Earn up to 4x points on select purchases, a bevy of travel perks, and a welcome offer worth up to $600 with this upper-mid tier travel card. Rates & fees
Chase Sapphire Reserve®
50,000 points after spending $4,000 in the first 3 months
10x points on Lyft rides, 3x points on dining and travel after earning your $300 travel credit and 1x points on all other purchases
$550
Get a generous $300 in annual travel credits, 3x points on travel and dining, and a 50% bonus on point redemptions with Chase's premier card.
CardMatch™ from creditcards.com
See terms
See terms
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Use the CardMatch tool to find cards you're likely to qualify for with your credit score, without a hard pull on your credit.
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When shouldn’t you get a card with an annual fee?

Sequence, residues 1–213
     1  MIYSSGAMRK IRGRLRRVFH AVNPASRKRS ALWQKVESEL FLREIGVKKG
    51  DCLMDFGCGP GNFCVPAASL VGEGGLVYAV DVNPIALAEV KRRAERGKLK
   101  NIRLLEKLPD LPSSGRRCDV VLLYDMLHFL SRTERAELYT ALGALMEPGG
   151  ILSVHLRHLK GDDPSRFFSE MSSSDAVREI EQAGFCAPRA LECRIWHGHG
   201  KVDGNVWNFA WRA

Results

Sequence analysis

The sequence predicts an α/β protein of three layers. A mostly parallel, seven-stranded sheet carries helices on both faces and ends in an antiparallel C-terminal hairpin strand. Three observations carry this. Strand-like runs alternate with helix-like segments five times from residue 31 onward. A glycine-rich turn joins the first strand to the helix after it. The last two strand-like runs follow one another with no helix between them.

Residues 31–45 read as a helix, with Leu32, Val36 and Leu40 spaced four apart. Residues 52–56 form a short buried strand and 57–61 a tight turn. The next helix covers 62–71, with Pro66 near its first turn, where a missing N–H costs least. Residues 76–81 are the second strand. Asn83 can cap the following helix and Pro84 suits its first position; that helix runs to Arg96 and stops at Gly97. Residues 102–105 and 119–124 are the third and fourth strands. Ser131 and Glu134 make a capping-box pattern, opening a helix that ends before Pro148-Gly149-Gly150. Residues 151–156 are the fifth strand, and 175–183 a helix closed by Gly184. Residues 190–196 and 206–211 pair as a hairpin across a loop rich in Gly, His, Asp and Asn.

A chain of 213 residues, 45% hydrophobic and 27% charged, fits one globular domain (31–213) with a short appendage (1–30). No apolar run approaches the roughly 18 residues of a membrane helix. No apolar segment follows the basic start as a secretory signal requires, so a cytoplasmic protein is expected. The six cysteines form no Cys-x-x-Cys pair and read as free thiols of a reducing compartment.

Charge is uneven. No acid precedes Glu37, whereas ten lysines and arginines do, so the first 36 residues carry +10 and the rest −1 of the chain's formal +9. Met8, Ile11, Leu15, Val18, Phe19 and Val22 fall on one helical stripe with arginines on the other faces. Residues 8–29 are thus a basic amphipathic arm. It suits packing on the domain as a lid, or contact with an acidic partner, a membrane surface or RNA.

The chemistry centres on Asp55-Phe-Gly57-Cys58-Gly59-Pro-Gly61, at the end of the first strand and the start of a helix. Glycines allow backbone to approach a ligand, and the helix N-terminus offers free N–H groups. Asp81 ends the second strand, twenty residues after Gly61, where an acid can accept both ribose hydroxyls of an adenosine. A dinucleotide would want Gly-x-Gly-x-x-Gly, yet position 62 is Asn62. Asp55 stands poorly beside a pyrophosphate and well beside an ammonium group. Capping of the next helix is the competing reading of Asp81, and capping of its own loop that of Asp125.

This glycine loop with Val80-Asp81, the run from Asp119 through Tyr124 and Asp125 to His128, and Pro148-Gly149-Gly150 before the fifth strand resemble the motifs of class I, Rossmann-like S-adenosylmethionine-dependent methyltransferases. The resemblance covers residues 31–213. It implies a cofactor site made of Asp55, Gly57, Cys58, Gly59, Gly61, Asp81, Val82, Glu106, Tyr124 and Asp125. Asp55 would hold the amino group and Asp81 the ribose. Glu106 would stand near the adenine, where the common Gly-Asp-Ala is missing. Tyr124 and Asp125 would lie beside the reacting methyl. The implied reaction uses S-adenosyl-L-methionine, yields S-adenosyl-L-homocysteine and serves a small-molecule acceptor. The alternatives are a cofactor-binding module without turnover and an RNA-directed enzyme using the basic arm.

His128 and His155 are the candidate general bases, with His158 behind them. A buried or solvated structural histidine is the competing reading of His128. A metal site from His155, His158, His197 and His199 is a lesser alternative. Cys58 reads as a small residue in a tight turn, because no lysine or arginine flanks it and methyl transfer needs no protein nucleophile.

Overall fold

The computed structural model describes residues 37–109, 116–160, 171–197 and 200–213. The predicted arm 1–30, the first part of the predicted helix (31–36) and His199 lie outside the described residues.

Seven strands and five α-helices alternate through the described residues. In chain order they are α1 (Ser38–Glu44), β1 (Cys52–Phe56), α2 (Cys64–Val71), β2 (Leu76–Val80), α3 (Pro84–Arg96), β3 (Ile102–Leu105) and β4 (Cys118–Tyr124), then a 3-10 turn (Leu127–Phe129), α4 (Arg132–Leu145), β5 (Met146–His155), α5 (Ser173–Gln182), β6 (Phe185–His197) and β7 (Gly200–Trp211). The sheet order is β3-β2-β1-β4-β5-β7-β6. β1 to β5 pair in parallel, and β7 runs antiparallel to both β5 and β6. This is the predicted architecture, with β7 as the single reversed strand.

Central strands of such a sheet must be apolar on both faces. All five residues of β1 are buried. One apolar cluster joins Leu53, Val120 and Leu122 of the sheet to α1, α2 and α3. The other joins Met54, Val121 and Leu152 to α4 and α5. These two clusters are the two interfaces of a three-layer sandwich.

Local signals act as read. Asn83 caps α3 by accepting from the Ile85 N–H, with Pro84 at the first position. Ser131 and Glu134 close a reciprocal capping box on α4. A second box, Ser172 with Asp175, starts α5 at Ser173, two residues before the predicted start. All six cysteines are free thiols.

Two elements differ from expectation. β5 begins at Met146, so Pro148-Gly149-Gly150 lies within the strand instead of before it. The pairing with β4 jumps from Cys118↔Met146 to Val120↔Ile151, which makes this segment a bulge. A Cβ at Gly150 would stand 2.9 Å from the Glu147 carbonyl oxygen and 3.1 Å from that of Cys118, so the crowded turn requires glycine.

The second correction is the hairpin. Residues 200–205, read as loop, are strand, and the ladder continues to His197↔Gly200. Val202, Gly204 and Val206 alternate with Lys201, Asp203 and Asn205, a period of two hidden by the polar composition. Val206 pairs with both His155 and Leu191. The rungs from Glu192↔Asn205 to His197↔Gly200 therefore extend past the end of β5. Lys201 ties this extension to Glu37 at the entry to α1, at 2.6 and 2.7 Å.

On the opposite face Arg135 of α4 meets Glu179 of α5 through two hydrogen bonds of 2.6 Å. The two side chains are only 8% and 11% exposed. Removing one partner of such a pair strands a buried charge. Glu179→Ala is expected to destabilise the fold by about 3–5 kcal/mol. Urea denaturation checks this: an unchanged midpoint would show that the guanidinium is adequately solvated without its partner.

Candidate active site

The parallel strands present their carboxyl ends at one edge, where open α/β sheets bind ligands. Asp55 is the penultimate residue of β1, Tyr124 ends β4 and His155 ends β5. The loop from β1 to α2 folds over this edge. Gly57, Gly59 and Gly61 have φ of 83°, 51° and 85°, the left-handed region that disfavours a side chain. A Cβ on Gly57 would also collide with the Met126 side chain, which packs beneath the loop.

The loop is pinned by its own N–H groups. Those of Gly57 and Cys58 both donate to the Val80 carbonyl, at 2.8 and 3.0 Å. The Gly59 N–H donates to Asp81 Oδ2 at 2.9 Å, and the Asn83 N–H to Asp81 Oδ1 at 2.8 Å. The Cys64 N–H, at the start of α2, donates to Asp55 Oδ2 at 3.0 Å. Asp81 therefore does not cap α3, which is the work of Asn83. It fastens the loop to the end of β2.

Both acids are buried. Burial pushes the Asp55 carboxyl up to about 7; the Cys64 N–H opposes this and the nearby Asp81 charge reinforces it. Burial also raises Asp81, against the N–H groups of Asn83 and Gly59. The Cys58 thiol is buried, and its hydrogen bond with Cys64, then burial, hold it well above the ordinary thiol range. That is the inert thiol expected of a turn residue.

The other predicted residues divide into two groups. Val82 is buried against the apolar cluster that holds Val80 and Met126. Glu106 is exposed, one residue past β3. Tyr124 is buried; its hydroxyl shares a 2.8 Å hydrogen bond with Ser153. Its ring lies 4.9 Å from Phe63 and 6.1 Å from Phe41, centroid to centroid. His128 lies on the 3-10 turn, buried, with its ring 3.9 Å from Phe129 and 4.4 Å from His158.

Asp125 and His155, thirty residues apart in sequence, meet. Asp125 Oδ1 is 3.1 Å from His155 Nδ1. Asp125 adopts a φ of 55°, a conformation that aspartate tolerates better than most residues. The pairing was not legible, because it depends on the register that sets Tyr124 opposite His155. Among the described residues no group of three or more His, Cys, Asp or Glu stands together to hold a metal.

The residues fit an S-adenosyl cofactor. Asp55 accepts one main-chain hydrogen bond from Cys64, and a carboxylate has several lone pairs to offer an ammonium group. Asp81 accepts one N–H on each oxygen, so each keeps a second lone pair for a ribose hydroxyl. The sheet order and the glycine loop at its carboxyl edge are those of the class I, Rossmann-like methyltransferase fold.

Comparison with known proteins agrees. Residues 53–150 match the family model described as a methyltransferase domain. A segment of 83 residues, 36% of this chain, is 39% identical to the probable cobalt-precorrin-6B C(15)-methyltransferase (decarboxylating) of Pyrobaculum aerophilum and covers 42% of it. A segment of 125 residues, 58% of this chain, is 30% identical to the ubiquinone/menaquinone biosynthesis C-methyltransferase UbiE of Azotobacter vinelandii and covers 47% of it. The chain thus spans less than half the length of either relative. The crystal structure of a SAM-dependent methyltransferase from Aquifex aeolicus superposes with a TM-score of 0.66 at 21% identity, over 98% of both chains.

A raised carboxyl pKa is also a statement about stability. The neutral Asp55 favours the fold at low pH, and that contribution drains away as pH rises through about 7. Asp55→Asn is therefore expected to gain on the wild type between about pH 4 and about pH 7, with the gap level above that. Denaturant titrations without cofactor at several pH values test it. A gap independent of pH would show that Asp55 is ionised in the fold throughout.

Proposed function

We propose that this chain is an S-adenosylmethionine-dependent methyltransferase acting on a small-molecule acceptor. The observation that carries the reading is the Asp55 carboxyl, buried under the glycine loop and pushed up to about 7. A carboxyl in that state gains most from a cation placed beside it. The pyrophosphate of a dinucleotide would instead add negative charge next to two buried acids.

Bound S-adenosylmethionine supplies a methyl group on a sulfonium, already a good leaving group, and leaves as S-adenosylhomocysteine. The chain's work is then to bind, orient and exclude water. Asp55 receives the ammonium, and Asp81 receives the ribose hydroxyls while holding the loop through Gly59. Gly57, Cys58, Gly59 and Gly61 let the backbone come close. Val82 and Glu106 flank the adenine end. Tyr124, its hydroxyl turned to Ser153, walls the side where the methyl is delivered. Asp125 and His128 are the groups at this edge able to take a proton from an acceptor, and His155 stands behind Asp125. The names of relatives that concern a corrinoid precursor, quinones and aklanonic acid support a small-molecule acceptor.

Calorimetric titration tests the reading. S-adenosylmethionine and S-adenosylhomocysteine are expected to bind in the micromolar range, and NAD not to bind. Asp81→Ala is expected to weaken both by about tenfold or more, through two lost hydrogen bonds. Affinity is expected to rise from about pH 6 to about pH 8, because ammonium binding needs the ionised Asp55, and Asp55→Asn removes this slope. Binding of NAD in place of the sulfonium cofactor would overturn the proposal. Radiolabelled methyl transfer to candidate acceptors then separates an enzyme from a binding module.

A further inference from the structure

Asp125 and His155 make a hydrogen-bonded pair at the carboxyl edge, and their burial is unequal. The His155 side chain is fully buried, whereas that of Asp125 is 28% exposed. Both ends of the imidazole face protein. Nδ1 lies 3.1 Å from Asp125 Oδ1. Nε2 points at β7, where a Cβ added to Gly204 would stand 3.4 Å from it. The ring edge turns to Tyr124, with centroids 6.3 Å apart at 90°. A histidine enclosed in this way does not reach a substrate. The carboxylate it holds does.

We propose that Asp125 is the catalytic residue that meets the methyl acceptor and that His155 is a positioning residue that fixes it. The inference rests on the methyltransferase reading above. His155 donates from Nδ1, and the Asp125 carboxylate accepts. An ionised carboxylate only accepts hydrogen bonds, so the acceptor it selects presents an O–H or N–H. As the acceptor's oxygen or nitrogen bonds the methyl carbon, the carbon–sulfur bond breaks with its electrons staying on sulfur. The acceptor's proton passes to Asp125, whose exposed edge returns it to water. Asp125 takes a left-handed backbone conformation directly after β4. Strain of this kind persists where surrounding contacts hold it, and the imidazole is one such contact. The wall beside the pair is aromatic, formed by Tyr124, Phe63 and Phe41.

Because there’s a variety of credit cards with an annual fee, there are several reasons this type of card may not be a good choice for you. For example, you might not want a card with an annual fee if you:

  • Can’t pay your balance on time.
  • Can’t offset the annual fee with the rewards you earn.
  • Can’t afford to pay the annual fee.
  • Don’t travel often.

Alternative to a card with an annual fee

There are excellent no-annual-fee credit cards you can consider instead.

Bottom line

Credit cards with an annual fee offer better perks and features than their no-annual-fee counterparts. To make paying the annual fee worth it, pay off your balance on time and use the perks to offset the card’s cost.

If you’re not sure whether paying an annual fee for your credit card is the right option, check out some best no-annual-fee travel credit cards or compare other credit cards until you find what suits you best.